I used a product several years back that did a good job pulling names out of free-form fields and sorting out what was the first name, last name, etc. Might be worth having a look at.

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Very thorough answer, but make sure to remove the spaces. You could use Trim(). Oh, also include some violence directed at the DB designer. –  Nick Vaccaro Nov 19 '12 at 22:21
@Norla: Good point to trim left/right spaces. This is just an outline. There are products dedicated to getting this kind of thing right. The logic is non-trivial. –  Eric J. Nov 19 '12 at 22:22
Needs more regexes!!! : ) –  Nick Vaccaro Nov 19 '12 at 22:23
@Norla: Heh. Show me a RegEx that can completely validate valid and invalid emails according to the RFC, and still be somewhat human readable, and I'll agree with you :-) (Not that the question calls for that... but it's telling that a RegEx cannot do that). Otherwise, I'll argue that a rules engine approach is probably better for a full, highly-accurate implementation of this type of logic (you have to consider cultural issues, name suffixes, name titles, etc). stackoverflow.com/questions/201323/… –  Eric J. Nov 19 '12 at 22:25
I'd say that if you had time to work out and prove the regex's or write a rules engine, it would be better spent of sorting the crap data out myself. –  Tony Hopkinson Nov 19 '12 at 22:42
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You can do a string split on ", ". Then another string split on " ". This will make sure you've covered both cases.

BUT, what you really want to do is hit your DBA with a large wooden object for stuffing two columns into one.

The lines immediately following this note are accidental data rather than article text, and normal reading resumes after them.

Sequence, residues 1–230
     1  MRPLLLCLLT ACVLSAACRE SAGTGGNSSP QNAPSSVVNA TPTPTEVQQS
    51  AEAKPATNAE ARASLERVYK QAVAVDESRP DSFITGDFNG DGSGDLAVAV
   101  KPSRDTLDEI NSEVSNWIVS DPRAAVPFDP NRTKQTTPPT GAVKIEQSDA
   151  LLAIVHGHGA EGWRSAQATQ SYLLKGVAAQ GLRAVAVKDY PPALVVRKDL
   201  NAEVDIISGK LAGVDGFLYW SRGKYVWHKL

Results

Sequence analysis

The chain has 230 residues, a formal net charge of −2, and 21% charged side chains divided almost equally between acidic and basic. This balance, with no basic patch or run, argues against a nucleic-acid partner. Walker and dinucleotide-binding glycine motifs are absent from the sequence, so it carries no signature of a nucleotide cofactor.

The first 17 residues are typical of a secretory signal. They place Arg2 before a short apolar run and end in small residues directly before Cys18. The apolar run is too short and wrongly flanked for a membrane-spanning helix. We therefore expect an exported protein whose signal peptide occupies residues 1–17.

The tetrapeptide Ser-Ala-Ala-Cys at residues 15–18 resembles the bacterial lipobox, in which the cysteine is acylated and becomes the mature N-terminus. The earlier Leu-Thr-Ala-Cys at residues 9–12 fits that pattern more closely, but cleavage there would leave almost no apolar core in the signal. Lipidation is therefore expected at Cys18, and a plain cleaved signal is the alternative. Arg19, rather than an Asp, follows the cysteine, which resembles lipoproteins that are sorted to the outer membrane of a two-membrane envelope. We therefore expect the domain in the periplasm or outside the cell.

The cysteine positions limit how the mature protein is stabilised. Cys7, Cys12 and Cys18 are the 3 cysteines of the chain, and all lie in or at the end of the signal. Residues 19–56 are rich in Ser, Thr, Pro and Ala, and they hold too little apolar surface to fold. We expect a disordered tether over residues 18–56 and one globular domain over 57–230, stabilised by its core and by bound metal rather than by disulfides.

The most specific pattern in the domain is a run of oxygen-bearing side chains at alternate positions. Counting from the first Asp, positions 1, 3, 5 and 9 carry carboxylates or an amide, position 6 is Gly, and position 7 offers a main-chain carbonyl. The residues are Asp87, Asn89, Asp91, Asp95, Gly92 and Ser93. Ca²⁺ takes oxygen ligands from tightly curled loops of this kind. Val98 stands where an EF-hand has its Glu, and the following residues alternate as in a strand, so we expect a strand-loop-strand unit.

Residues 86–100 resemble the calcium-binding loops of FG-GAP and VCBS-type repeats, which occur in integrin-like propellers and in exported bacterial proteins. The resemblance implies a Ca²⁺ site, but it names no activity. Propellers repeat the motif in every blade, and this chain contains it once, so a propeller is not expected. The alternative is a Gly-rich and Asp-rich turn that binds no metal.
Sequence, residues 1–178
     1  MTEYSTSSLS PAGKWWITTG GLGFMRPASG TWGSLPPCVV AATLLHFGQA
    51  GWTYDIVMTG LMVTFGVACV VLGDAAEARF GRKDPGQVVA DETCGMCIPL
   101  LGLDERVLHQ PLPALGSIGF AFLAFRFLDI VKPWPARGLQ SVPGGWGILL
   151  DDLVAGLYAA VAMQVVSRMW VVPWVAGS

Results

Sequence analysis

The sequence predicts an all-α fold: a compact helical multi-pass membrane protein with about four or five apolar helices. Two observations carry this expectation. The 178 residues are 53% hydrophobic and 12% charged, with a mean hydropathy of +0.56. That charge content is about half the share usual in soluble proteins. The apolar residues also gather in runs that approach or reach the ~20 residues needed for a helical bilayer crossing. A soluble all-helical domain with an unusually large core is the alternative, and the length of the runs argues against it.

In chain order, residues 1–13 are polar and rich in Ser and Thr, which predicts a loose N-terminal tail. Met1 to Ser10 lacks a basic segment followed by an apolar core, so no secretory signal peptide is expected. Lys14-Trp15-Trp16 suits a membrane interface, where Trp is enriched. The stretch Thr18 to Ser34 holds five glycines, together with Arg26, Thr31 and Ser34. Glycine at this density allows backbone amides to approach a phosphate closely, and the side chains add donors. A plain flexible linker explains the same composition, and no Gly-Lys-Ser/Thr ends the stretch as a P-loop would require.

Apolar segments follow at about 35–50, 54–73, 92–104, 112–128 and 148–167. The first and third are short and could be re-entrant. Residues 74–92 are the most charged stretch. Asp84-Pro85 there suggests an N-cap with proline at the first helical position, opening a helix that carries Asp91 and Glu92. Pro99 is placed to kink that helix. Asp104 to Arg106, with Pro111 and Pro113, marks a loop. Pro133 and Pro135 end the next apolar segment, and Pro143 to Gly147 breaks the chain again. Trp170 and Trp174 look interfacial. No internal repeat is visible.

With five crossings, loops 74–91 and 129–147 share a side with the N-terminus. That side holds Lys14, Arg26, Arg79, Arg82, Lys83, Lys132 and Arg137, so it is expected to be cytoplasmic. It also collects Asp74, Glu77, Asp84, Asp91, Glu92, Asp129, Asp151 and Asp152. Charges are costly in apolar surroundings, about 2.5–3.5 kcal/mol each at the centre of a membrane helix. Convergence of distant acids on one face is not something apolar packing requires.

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No got to disagree gain. Large metal object, preferably a mace, though a good flail can be fun. –  Tony Hopkinson Nov 19 '12 at 22:44
yeah you are right, that is not the best way to save data. Iam new in that company and they have a huge data structure. If i would adjust that i have to change so many things in code and that would be a huge effort. –  Paks Nov 19 '12 at 22:44
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As others have said splitting on a comma is trivial. The real problem is you don't know how many more flavours are going to turn up. If it's only these two then

Following assumes sql server is your db, something like

 When CharIndex(',',[DaftNameField]) = 0 
 Then Substring([SomeNameField],CharIndex(',',[SomeNameField]),255)
else  Substring([SomeNameField],1, CharIndex(' ',[SomeNameField]) - 1)
end As Forename,
 When CharIndex(',',[SomeNameField]) = 0 
 Then Substring([SomeNameField],1 CharIndex(',',[SomeNameField]) - 1)
else  Substring([SomeNameField], CharIndex(' ',[SomeNameField]) + 1, 255)
end As Surname
From SomeTable

Off the top of my head this, but it's basically right.

As you can see already painful, add in middle names, honorifics and such, gets worse.

Oh and please tell me there's some sort of PersonID in this table.